Overview of the Nikon D5100 DSLR Camera
The D5100 is the Nikon’s latest generation to its consumer DLSR product line. Replacing the D5000, this camera is positioned closely between the D3100 which is aimed at beginners and the high-end D7000 for experienced photographers. The main targeted consumers of the D5100 are those who are attempting to outgrow their basic entry-level DSLRs, and this camera directly competes with the Canon’s T3i.
The following detailed review will show you how it competes with its rivals!
Brief review of the Nikon D5100 DSLR Camera
- The resolution is 16.2 megapixels with the CMOS sensor
- The ISO settings range from 100 to 6400, plus H1 and H2 settings equivalent to 12,800 and 25,600
- There is a 11-AF point focusing system
- The popup flash is built-in the camera
- The 3-inch LCD Screen has the resolution of 921,000 pixels
- The camera uses a LiIon EN-EL14 battery which is rechargeable
- The dimensions are 128 x 97 x 79 mm (5.0 x 3.8 x 3.1 in.)
- The camera weighs 560 g (1.4 lbs.) (with the battery compartment included)
- The maximum image size is 4928 x 3264 pixels (you can shoot photos in the RAW and JPEG formats)
- A HD movie mode is supported
- The image quality is excellent
- The LCD screen is articulated
- It has a sophisticated AF system for the price
- Odd arrangement of some controls
- Sluggish AF in Live View and Movie Mode
- Movie mode is inconsistent, and prone to “bugs”
Detailed Review of Nikon D5100 DSLR Camera
The Nikon D5100 DSLR has offered much more than its previous generation, the D5000. Its image sensor has inherited the 16.2MP sensor of the D7000, but of couse, there will be a lack of some high-end features of that advanced camera. You will see no magnesium alloy body and the number of AF points are fewer, but the image quality is still very good. The images are excellent. Now, let’s see other aspects of this camera!
Body and Controls
The D5100 is a neat and small model, and you can easily hold it in your hand. Although it is lighter than its predecessor (because its body is made by plastic), the camera still brings the substantial feel. One strong point is that the LCD screen with a side hinge is very articulated. Thanks to this screen, you will find the camera very easy to use. However, the side hinge has resulted in a pretty significant reshuffling of buttons.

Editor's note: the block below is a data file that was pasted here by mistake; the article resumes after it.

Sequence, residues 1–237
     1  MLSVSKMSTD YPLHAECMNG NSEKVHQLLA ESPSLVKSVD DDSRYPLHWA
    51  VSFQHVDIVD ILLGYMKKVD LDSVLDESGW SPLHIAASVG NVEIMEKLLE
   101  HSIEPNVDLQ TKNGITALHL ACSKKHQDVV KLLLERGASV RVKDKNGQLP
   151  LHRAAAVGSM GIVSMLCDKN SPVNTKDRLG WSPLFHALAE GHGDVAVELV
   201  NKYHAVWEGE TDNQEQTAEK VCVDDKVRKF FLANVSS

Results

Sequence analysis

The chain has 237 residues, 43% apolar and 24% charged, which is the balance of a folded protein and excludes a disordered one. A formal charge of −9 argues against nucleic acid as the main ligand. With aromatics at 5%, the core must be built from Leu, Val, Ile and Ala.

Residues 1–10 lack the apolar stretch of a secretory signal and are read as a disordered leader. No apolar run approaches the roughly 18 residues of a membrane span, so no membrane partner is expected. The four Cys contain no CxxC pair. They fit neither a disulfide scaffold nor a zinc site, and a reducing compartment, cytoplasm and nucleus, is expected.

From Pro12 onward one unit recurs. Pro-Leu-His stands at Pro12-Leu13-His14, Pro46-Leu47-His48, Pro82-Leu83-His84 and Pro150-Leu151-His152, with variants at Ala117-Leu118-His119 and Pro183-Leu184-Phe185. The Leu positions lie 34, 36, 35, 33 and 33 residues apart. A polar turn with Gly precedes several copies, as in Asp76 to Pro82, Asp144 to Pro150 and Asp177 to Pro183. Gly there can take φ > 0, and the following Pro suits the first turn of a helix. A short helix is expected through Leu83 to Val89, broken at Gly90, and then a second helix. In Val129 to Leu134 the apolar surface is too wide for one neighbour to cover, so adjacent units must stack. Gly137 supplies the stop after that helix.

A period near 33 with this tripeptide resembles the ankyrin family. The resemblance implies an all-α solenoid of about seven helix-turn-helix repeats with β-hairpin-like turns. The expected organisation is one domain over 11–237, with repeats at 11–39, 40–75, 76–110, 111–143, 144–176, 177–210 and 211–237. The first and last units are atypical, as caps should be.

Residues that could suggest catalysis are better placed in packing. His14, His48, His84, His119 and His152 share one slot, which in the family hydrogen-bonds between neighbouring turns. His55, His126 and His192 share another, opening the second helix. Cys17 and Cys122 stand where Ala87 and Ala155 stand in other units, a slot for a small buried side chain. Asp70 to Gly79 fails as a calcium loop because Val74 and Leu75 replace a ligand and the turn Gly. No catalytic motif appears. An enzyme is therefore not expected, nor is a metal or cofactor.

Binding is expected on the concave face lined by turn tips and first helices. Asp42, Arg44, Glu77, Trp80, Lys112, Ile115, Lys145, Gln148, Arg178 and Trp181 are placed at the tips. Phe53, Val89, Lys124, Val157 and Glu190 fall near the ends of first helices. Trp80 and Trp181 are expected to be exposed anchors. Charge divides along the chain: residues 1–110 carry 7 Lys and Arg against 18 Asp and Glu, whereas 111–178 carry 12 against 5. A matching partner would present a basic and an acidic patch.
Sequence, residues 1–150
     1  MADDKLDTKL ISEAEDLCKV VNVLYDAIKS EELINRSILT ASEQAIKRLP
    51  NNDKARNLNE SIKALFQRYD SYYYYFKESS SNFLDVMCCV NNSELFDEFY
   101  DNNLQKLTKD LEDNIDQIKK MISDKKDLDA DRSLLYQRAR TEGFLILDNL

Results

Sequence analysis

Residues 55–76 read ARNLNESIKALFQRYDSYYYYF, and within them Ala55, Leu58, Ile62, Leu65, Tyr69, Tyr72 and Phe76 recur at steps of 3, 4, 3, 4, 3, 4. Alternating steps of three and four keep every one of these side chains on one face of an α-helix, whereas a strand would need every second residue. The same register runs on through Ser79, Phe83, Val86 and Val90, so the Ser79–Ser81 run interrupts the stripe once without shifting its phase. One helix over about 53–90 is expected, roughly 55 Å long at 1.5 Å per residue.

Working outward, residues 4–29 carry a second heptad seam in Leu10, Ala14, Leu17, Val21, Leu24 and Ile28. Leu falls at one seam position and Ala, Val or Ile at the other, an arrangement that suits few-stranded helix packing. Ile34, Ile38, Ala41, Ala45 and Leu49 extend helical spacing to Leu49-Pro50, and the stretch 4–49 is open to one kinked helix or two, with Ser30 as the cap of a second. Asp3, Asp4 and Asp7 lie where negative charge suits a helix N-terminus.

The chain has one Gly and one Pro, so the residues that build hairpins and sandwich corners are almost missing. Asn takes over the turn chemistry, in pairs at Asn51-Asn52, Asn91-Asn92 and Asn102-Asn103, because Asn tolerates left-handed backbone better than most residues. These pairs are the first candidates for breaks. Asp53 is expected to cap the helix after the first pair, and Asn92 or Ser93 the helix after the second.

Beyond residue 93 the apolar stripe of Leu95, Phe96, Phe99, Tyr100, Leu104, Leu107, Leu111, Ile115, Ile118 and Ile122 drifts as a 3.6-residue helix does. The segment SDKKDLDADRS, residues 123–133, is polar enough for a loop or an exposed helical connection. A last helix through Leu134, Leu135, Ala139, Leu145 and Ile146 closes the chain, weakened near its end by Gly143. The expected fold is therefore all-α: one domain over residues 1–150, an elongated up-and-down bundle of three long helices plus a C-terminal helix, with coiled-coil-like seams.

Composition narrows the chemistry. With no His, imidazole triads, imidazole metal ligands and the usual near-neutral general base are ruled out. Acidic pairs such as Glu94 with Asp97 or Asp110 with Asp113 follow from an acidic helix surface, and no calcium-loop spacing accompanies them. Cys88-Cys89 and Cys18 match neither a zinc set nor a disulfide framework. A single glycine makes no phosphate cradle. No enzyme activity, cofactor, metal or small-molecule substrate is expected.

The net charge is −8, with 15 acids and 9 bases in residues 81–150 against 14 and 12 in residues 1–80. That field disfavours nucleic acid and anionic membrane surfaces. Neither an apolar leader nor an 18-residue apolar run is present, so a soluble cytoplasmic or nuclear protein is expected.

You won’t see any buttons at all on the left hand side of the screen, which is different from other Nikon models. And the manufacturer has located the buttons for controlling the menu and playback options on the right hand side of the LCD screen, which sits alongside the four-way dial for setting up exposure parameters. There is a convenient switch which is positioned on the top of the camera and next to the mode dial, which help quickly push the camera into Live View mode in cases that you want to fast record videos.
And there is not any direct access button for you to adjust the ISO as well. Instead, this needs to be assigned to the function button, which is located on the front of the camera. This button is next to the flash activation button, and be careful because you can easily get these two buttons mixed up.
Similar to the D3100, don’t expect to have an in-body autofocus motor with this camera. This means that the accuracy and speed of the autofocus mechanism largely depend on the lens that you are choosing. This also means that the D5100 will not focus with a third-party lens that does not have a built-in focusing motor or the one with non-AF-S Nikkor lenses.
When you shoot still images, the autofocus is accurate and acceptably fast, even in cases that you use the 18-55 mm kit lens. However, the speed of the autofocus is very slow when you select the Live View and Movie Mode. During the recording time with those modes, it even drifts in and out of focus.
Unlike higher spec models, you cannot use the D5100 camera as a wireless flash controller. However, you can use the flash activation button to boat several useful features. To get access to different flash modes, you just need to hold the button and spin the control dial. And just hold down the button in conjunction with the exposure compensation button to apply the flash exposure compensation.
The image quality with the Nikon D5100 camera is fantastic and you can shoot photos in both RAW and JPEG formats. It has the same sensor as the image sensor of the D7000. But you will not have to concern about the overexposure problems in high contrast situations as with the D7000.
Especially, you will be very surprised with the low noise levels, even with the higher ISO settings. The camera does a great job of preserving details with the automatic noise reduction function. With this feature, the D5100 has probably become one of the best APS-C models which is great for shooting photos at high ISOs.
In general, the images shot with the D5100 are outstanding and there is just a minimum of difficulty.
In terms of the list of good features and the excellent image quality, this is a great model. The star rating is lowered a bit, though, for the organization of the function buttons which is not really well organized. This complicated organization may drive users to consider the D3100 for simpler usage or the D7000 with more advance features.